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For many analytical and life science applications the optical properties of the membrane are important because a constituent of the filtration stream is captured on the filter and then processed to allow visualization. These applications include particle monitoring and counting microorganisms. Most filters are opaque when dry. Although the polymer used in the filter’s manufacture may be transparent in another form, the porous nature of the filter results in a high degree of diffraction and light scattering. A notable exception is track-etched membranes where the transparency of the film used as the starting material is typically retained when the membrane is produced.
Some membrane filters become semitransparent or translucent when wet in aqueous fluids. In fact, the uniformity of membrane wetting can be quickly assessed by looking for the uniformity with which the membrane’s appearance changes from opaque to semitransparent or translucent. Not all filters exhibit this property. Depth filters typically remain opaque when wet as do some membrane filters, for example membranes made from polyethersulfone.
In many instances, the filter is encased in an opaque housing and is invisible to the user. Devices used for filtration of smaller volumes, generally less than one liter, sometimes employ transparent plastics for the housing. The plastic is chosen primarily for compatibility with the filter during device fabrication and not for visibility of the filter.
The optical properties of the membrane become important in the context of these visualization techniques. For some types of microscopy, it is necessary to clear the membrane. In other instances, this is unnecessary. For optical readers, a signal on the membrane can be assayed via:
For reflectance measurements light at a defined wavelength is shined onto the membrane surface and the light reflected back to the detector is measured. The consistency of the readings depends in part on the consistency of the membrane surface. While the membrane’s surface does not need to be glossy, it should have a uniform roughness so that the background reflection is uniform. Relative to the scale at which membranes are manufactured (thousands of square meters), a single reflectance measurement may be made on a tiny surface area (<1 mm2).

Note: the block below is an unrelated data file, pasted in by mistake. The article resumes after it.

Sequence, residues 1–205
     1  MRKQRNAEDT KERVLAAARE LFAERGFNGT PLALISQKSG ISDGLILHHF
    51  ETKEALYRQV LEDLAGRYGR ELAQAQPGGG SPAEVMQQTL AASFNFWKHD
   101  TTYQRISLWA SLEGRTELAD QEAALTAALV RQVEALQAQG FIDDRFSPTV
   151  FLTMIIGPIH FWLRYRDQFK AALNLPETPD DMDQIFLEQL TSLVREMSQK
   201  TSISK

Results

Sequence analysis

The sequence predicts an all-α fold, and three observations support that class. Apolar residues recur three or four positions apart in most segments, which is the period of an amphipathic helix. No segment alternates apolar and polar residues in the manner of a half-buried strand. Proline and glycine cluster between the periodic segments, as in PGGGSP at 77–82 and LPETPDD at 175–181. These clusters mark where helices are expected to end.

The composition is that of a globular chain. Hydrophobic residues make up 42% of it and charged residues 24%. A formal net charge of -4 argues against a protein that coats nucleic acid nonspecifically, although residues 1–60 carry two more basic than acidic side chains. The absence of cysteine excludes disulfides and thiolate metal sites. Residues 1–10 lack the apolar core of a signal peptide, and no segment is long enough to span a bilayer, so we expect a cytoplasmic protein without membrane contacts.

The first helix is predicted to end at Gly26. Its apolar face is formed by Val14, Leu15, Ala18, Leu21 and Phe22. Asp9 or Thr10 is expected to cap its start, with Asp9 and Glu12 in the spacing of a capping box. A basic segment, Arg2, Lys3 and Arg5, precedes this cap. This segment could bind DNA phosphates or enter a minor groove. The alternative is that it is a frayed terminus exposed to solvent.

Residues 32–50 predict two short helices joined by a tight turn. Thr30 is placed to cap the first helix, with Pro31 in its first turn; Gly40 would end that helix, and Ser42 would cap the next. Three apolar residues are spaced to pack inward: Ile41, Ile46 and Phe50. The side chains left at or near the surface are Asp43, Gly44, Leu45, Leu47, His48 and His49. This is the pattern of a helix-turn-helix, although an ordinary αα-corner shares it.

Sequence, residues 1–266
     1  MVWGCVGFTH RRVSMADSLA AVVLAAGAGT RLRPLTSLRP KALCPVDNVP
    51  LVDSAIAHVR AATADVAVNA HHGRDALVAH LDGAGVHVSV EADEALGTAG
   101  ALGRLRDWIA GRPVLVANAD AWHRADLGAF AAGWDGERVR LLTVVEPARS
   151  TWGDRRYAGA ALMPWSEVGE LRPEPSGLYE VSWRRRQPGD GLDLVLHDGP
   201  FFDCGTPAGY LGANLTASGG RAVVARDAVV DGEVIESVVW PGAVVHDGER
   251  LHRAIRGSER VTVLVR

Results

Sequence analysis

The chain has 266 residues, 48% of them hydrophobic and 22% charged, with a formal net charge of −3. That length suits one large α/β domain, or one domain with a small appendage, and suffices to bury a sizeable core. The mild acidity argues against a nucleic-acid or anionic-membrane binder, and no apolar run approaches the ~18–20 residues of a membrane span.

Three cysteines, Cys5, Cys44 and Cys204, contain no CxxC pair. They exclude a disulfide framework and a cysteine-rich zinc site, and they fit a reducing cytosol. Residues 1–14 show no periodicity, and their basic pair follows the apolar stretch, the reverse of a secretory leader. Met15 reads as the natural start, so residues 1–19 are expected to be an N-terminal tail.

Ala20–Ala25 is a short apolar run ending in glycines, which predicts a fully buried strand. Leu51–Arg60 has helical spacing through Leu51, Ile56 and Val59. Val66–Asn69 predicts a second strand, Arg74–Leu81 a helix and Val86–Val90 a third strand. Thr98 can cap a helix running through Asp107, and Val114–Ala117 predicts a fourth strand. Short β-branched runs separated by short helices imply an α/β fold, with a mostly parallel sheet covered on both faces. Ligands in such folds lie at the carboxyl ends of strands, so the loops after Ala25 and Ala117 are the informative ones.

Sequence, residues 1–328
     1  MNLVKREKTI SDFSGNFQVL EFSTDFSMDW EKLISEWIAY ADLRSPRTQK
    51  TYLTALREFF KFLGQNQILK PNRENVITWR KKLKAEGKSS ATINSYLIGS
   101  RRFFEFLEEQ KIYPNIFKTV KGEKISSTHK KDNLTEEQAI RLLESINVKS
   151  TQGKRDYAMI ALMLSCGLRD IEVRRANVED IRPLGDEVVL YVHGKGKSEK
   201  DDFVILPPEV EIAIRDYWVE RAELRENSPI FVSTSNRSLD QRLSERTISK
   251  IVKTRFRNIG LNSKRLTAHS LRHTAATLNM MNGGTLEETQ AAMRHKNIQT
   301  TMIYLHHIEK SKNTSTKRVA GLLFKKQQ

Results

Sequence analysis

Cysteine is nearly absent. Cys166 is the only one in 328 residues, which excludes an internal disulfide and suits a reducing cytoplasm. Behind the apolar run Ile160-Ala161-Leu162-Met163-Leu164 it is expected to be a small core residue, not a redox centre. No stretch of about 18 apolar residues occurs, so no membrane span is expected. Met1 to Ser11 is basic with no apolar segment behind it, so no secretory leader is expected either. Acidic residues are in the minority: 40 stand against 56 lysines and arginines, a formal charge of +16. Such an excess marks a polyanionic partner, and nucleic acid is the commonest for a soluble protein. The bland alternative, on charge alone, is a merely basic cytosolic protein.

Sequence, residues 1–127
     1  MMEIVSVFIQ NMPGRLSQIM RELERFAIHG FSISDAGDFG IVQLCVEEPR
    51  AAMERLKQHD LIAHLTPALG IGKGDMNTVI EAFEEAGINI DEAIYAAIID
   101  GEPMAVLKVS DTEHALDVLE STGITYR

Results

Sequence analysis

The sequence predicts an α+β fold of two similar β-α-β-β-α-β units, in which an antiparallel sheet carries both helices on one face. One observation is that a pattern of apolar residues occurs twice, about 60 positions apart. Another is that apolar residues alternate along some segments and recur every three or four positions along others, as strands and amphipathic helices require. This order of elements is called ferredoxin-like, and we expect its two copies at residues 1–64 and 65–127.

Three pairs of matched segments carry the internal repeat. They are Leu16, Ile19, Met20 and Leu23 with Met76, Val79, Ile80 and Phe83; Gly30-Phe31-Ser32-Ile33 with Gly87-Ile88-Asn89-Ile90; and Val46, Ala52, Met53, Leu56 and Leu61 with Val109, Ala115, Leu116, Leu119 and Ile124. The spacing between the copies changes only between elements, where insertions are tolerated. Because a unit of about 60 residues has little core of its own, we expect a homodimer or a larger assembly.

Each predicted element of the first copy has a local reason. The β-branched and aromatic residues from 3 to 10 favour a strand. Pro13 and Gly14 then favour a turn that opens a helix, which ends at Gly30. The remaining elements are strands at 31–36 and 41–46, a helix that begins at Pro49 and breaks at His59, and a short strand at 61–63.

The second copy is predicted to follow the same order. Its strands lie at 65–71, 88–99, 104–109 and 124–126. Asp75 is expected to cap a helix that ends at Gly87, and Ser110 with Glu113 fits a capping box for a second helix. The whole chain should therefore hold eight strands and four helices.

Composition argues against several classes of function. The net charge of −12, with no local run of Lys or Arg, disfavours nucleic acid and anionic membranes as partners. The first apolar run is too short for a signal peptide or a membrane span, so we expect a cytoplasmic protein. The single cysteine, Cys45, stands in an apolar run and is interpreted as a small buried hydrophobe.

In some configurations, particles or optical signals on the membrane are measured using transmitted light. For maximum sensitivity, the membrane needs to be made transparent. This can be done by choosing a clearing agent with the same refractive index as the membrane. This is called the pore filling technique. Filling the pores with a liquid that has the same refractive index as the membrane allows light to pass through the filter, rendering it transparent. This technique can be used for most membrane filters with a single refractive index. The refractive index is 1.42 for PVDF membranes and 1.50 for nitrocellulose membranes. This technique does not work for filters having more than one refractive index, including polycarbonate membranes (refractive indices of 1.62 and 1.58) and composite membranes. Fluids used for clearing the membrane are typically oils or combinations of organic solvents.
In molecular biology applications, proteins or nucleic acids are immobilized on the surface of the membrane. Minute quantities of the molecules can be assayed using molecular probes such as antibodies and oligonucleotides. The final probe molecule in the detection scheme is conjugated to an enzyme such as horseradish peroxidase or alkaline phosphatase. A substrate molecule specific to the enzyme is then applied to the membrane. When the substrate is acted upon by the enzyme, one product of the reaction is photons of light, which can be detected on film or by camera. The directionality of the photons is random. Only those photons that come into contact with the detection system will be measured.
Fluorescent probes can be used on membrane filters. For cell-based assays, this may be the direct measurement of cellular constituents or cellular responses to various stimuli. For molecular assays, this may involve the indirect assay of immobilized proteins or nucleic acids. There are many different fluorophores available for different applications. One of the criteria for choosing a fluorophore is its optical compatibility with the membrane. Depending on the excitation wavelength, the membrane may exhibit autofluorescence, which will reduce the signal-to-noise ratio. Autofluorescence of the membrane may be caused by the polymer used in the manufacture of the membrane or contaminants introduced onto the membrane during its manufacture. If the membrane is in a device, the housing may also contribute autofluorescence. Autofluorescence of the membrane and the device, if present, should be measured before assaying samples.